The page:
Arashiyama’s emerald forest: the Sagano Bamboo Grove

 

It’s strong, resilient and very much part of Japan’s culture: the bamboo. It’s in a folklore and used in expressions, you’ll find it in the cuisine, plays an important part in festivals, it’s used for construction, handicrafts and art, and perhaps, in so many ways, a lifesaver, because the people are told to run for cover in a bamboo forest when earthquake strikes.

 

Arashiyama Bamboo Grove
In awe of the beauty

 

If you can consider the number of regular visitors this Kyoto attraction receives daily as “earth shaking”, then everyone is in the right place –the Sagano Bamboo Grove in Arashiyama.

 

Arashiyama Bamboo Grove
Got caught photobombing.

 

The 100-meter scenic path that cuts through the emerald tinted grass forest is breathtaking, its vegetation so lush that it was listed by the Japanese Ministry of the Environment as one of the 100 Soundscapes of Japan, a list created in 1996 by the agency as part of its efforts to combat noise pollution, and to protect and promote the environment.

Soundscape is defined as the component of the acoustic environment that can be perceived by humans, and Japan’s list of soundscapes was created to act as “symbols for the locals to promote the rediscovery of the sounds of everyday life.”

 

Arashiyama Bamboo Grove
You have to be creative with your angles to get that “alone in the forest” snapshot

 

There are two ways to enter the chikurin-no kumichi (path of bamboo). First, through the Kameyama Koen (park). It’s a downhill walk starting from the Okichi Sanso villa (the former home and garden of the Japanese jidaigeki or period film actor Denjirō Ōkōchi), pass by the Nonomiya Jinja shrine and the Kogen Ji temple at the path’s end and exit the main road.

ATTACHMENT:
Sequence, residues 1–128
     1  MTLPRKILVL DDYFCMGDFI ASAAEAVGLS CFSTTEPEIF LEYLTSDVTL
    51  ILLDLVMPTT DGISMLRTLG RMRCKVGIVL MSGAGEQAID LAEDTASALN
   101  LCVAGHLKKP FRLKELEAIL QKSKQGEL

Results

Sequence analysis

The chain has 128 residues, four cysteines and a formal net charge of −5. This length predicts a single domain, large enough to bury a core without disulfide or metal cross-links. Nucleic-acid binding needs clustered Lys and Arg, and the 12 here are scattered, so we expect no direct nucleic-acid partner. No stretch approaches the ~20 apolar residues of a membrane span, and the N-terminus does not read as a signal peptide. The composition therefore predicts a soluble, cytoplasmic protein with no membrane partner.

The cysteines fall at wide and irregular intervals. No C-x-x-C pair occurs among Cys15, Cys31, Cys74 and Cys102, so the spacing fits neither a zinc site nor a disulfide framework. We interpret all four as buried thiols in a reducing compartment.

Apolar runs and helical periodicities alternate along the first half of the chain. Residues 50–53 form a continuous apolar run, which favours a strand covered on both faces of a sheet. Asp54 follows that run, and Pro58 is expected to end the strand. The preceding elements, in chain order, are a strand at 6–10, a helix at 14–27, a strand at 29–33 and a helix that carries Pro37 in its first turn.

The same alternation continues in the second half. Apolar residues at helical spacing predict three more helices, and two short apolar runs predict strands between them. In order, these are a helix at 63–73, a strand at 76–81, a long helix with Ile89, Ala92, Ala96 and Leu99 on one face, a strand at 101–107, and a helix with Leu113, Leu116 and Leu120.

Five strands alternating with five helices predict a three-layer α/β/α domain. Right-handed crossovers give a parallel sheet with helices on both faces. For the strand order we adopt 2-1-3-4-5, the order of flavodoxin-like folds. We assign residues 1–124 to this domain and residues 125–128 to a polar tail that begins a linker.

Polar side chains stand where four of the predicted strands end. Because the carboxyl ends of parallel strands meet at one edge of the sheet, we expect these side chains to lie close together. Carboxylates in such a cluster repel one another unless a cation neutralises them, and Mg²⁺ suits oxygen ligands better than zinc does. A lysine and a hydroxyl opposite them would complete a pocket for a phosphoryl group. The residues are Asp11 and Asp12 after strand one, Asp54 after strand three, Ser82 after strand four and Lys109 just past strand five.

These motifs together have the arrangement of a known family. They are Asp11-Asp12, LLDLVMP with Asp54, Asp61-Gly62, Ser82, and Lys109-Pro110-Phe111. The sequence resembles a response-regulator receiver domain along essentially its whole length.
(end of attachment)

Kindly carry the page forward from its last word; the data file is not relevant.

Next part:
Arashiyama Bamboo Grove
North entrance of the Tenryu-ji temple.

 

Arashiyama Bamboo Grove

 

I did the opposite, the second route, and entered through the main road (buy the Japanese buchi-like treat at the corner store, it’s delicious). Via this way, it’s an uphill walk and you’ll catch the Kogen Ji temple first.

 

Arashiyama Bamboo Grove
The other entry to the chikurin-no kumichi (path of bamboo). Some say it’s the wrong way and the path thru the Kameyama Koen (park) is the way to cross the bamboo grove.

 

Arashiyama Bamboo Grove
Grab this on your way in

 

They say the first route is how it’s done right, but whichever way you decide to take, the seen is the same—the sight of green vegetation swaying against the gentle breeze and the sound of the rustling leaves is calming, if you don’t mind the pack of tourists and the occasional rickshaw coming from both directions.

 

Arashiyama Bamboo Grove
What to expect: a cinematic backdrop of towering green grass, an occasional rickshaw and lots of tourists.

 

The popular Arashiyama attraction became more desirable (perhaps) when the bamboo grove was made a backdrop in a short sequence in the 2006 film “Memoirs of a Geisha”.

Did the number of visitors spike since then? Maybe so, the strip is one of the most photographed of Kyoto’s destinations.

And to get a solo shot in the crowded emerald forest maybe next to impossible. But “maybe” leaves an open window for the realization of a dream. Be patient, be alert, make blocking work to your advantage, and when that few seconds of alone-in-the-bamboo-forest come, grab it and make that shot happen.

 

Arashiyama Bamboo Grove
Getting a good alone-in-the-bamboo-forest shot can be quite difficult but not impossible. You just have to be alert and creative.

 

If you get your solo snapshot, consider that an immortalization of your own Memoirs of a Geisha-ish moment.

Just like this….

 

Arashiyama Bamboo Grove Arashiyama Bamboo Grove Arashiyama Bamboo Grove Arashiyama Bamboo Grove

 

 

Email me at jinggoysalvador@yahoo.com. For more lifestyle & travel stories, visit www.ofapplesandlemons.com & www.jeepneyjinggoy.com

Also published in the SunStar Davao newspaper.

 

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